One important thing I did learn was that young children were not great fans of word random sophistication, especially with the poems. That came when they were becoming more comfortable with the written word, when they started reading on their own. For their early ages, my sense was they found most comfort with a simple rhyme form such as AABB or ABAB, so that was what I adopted for most of my age 2 to 5 poems.
Now, so many years have passed; he’s 18 and entering college. She’s 16 going on 30 and into her own world. But, the words I read to them still echo at least in my ever-present memory banks where they have recently translated into the thought that those stories and poems might still have value to a world of other children. We’ll soon find out. Two stories, upgraded to commercial book form are about to compete in the library of children’s picture book sales. The first “Pop-Pop’s Magic Chair” should be released into world-wide E-Catalogues in about 6 weeks. “The Loch Lomond Monster”, follows for release before the holiday gift season.
What greatly enhances both books are wonderful illustrations by my long time friend and collaborator, Frank Furlong, who for many years animated for “Sesame Street” and whose work you’ve seen on many Animated TV commercials during the past 25 years.
After those first two story books reach the market, Frank and I hope to turn to poetry, creating books for children ages 2 – 12. Current thought is to split them into two books marketed as a set, with poems for ages 2 – 5 in book # 1 and ages 5 – 8 in Book 2.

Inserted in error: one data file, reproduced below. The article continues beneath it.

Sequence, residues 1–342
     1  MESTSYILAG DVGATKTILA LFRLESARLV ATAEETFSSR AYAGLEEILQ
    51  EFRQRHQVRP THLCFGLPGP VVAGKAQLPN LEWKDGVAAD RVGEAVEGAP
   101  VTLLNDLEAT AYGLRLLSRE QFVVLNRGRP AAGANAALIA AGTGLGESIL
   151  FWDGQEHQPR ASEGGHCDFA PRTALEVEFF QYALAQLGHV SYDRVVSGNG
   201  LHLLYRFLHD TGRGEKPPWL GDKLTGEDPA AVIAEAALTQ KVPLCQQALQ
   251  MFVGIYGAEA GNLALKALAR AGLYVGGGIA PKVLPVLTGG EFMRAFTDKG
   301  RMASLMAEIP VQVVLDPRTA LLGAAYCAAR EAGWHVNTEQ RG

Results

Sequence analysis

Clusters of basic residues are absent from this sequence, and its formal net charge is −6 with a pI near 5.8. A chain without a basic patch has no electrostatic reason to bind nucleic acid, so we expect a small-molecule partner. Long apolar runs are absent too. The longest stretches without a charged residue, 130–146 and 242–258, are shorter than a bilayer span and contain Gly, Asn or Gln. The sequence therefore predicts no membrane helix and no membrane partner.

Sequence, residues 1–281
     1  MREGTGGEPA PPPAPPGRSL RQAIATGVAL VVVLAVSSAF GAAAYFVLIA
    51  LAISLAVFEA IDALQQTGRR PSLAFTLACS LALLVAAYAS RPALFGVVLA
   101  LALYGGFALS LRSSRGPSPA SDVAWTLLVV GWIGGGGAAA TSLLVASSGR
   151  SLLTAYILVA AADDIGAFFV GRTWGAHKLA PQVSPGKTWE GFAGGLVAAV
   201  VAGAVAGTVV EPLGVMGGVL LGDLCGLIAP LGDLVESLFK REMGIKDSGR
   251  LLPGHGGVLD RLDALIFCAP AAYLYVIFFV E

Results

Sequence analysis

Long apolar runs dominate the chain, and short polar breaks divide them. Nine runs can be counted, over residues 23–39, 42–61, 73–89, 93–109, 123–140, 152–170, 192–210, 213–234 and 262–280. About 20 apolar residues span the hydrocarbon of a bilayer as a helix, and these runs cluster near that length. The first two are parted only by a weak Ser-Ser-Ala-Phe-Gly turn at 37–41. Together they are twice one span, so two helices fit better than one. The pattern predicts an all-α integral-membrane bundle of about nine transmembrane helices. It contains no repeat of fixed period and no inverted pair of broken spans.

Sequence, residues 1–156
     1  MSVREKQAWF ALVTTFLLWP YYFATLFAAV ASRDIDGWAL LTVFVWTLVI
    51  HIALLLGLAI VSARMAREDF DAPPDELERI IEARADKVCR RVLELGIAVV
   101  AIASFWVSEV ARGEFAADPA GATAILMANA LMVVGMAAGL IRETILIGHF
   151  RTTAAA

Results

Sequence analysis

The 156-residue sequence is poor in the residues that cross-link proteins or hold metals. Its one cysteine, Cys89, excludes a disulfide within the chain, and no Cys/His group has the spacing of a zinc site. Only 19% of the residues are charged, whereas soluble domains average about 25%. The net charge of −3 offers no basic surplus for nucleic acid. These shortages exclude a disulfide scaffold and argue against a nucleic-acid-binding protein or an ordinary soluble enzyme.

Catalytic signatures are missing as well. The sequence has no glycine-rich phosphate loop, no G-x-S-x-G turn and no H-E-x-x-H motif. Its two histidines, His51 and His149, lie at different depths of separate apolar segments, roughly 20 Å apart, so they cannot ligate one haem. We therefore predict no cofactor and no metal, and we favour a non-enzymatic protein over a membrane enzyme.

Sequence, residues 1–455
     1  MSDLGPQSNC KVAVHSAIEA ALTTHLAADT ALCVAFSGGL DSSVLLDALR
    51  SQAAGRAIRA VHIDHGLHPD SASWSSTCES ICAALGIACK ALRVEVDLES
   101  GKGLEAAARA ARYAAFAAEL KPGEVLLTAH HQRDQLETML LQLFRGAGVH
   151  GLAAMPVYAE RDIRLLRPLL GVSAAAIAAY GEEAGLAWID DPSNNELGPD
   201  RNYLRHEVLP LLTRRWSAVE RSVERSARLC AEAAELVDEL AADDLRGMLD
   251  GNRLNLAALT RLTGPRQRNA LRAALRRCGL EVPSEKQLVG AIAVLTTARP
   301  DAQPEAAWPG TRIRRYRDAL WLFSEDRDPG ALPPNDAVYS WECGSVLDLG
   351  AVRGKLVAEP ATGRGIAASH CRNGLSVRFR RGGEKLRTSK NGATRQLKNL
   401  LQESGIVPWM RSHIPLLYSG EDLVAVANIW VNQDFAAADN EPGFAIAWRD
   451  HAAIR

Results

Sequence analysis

Back to the beginning. Earlier, I touched on the challenges of writing poetry for ages two to five. At the earliest age, the first task is to choose a subject with which they are familiar and that you can have fun with while telling in rhyme a story the child will understand. Next, keep the words basic and simple, especially in the younger years. Stealing from the best, they always try to keep their poems light and fun. Here are two attempts to do just that, the subjects picked were the Sun & a Mitten.
Each morning, when I open my eyes,
I see that the sun’s begun to rise.
And, I watch with my eyes wide open
watchin’ the sun, ‘n’ keep a’hope-n
It stays shining bright up in the sky
Oh, I watch it with a watchful eye.
At night, when I rest my tired head